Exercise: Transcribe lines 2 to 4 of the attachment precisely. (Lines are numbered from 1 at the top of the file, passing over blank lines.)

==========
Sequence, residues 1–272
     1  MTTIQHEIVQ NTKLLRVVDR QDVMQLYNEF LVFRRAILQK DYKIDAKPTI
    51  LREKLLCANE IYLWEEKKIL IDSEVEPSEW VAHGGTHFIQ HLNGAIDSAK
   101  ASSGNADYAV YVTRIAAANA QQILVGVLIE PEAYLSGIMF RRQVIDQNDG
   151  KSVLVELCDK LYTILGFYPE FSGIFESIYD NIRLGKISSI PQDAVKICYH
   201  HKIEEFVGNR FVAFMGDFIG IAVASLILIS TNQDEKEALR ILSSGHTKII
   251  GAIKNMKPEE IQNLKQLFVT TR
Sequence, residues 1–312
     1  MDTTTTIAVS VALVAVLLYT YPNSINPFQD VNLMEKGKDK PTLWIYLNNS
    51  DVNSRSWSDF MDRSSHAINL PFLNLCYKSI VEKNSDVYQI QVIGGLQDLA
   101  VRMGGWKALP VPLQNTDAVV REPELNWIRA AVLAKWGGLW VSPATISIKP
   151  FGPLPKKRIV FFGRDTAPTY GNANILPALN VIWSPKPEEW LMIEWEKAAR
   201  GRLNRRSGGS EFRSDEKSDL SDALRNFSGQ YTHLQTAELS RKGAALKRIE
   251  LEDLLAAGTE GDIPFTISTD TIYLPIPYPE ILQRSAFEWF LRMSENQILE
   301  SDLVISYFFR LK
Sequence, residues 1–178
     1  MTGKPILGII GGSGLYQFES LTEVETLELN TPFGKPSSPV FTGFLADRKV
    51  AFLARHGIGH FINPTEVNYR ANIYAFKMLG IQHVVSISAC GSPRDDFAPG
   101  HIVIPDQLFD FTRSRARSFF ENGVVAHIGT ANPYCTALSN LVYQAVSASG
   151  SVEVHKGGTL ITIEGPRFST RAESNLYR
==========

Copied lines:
     1  MTTIQHEIVQ NTKLLRVVDR QDVMQLYNEF LVFRRAILQK DYKIDAKPTI
    51  LREKLLCANE IYLWEEKKIL IDSEVEPSEW VAHGGTHFIQ HLNGAIDSAK
   101  ASSGNADYAV YVTRIAAANA QQILVGVLIE PEAYLSGIMF RRQVIDQNDG